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by Sean Killcarr, in Trucks at Work

In the fall this year, Volvo Trucks plans to introduce a new dual clutch configuration for the European version of its I-Shift automated mechanical volvoishifttransmission (AMT) to prevent speed and torque losses during gear changes.

Volvo added that the I-Shift Dual Clutch will be introduced first on its Volvo FH European highway tractor spec’d with Euro 6-compliant D13 engines rated at 460, 500 and 540 horsepower. Yet there is no date set for when its new AMT configuration will be offered on its heavy Class 8 models here in the U.S.

However, this new version of the I-Shift will no doubt offer yet another significant milepost in the slow yet steady move away from manual gearboxes in the U.S. within the commercial vehicle sector – a shift that’s ramped up particularly fast of late in the medium-duty segment.

“In situations that require a lot of gear changes, for instance on hills or roads with lots of curves and bends, I-Shift Dual Clutch brings an entirely new dimension to truck driving,” noted Claes Nilsson, president Volvo Trucks, in a statement.

“Power-shift gear changes, where there is no interruption in power delivery, means it is easier to keep up with traffic, especially on tricky stretches of roads,” he added. “The result is more relaxed and safe driving.”


Astrid Drewsen, product manager for drivelines at Volvo Trucks, pointed out that the I-Shift Dual Clutch AMT consists of two input shafts and a dual clutch. This means that two gears can be selected at the same time, with the clutch determining which of the gears is currently active. The only time a power loss is experienced with the dual clutch model is during “range-change,” which takes place when shifting from 6th to 7th gear.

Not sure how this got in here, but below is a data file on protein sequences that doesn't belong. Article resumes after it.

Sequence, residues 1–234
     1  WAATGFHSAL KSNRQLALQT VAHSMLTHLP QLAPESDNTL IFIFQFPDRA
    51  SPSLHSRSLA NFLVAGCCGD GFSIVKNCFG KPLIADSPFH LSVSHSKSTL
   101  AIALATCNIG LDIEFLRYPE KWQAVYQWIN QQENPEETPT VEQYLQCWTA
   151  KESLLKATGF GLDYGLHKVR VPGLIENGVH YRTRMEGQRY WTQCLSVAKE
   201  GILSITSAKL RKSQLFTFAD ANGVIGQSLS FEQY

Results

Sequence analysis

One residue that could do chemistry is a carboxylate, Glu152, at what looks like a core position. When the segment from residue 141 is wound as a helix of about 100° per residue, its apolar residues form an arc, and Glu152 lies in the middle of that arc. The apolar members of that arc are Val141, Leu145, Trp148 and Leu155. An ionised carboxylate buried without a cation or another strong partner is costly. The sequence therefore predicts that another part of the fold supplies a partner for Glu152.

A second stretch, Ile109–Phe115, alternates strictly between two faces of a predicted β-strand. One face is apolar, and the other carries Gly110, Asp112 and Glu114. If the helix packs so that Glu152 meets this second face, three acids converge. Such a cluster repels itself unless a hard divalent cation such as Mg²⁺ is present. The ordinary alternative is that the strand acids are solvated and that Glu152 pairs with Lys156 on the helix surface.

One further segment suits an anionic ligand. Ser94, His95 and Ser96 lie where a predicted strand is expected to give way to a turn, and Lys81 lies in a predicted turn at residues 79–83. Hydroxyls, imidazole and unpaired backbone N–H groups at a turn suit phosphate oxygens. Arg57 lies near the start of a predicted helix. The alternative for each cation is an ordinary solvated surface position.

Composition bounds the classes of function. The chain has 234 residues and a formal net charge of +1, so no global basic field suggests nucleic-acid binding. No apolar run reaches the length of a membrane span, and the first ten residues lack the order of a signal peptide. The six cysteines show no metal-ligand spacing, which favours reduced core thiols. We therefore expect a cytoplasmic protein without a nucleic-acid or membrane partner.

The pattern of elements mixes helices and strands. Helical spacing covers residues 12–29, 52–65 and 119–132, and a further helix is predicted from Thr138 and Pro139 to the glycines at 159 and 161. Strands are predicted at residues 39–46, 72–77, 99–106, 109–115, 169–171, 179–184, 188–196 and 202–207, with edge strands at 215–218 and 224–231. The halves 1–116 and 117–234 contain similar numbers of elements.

And while the I-Shift Dual Clutch is based on Volvo’s existing I-Shift AMT platform, he stressed that the front half of the gearbox has been redesigned with entirely new components. On top of that, the changes only increase the size of the I-Shift Dual Clutch by 4.72 inches when compared to the existing set up.

“When driving it feels like you have access to two gearboxes,” Drewsen explained. “When one gear is selected in one gearbox, the next gear is already prepared in the other. With dual clutches, gear changes take place without any interruption in power delivery. As a result, engine torque is maintained and driving comfort is significantly improved.”


He added that the I-Shift Dual Clutch should be particularly effective in long haul operations as well as conditions that require a lot of gear changing, for instance on hills or on roads with lots of twists and turns, or when driving through cities with plenty of roundabouts and traffic lights.

“I-Shift Dual Clutch also makes a big difference when transporting moving or liquid cargoes, such as animal transports and tanker operations, since the seamless gear changes prompt less movement in the cargo itself,” Drewsen said. “In addition to efficient driving, the smooth gear changes also mean that the in-cab environment feels quieter.”

The proof of the pudding, though, will be when drivers get their hands on them – and that won’t be for a while in the U.S., so we’ll have to see how European big rig operators react to them first.

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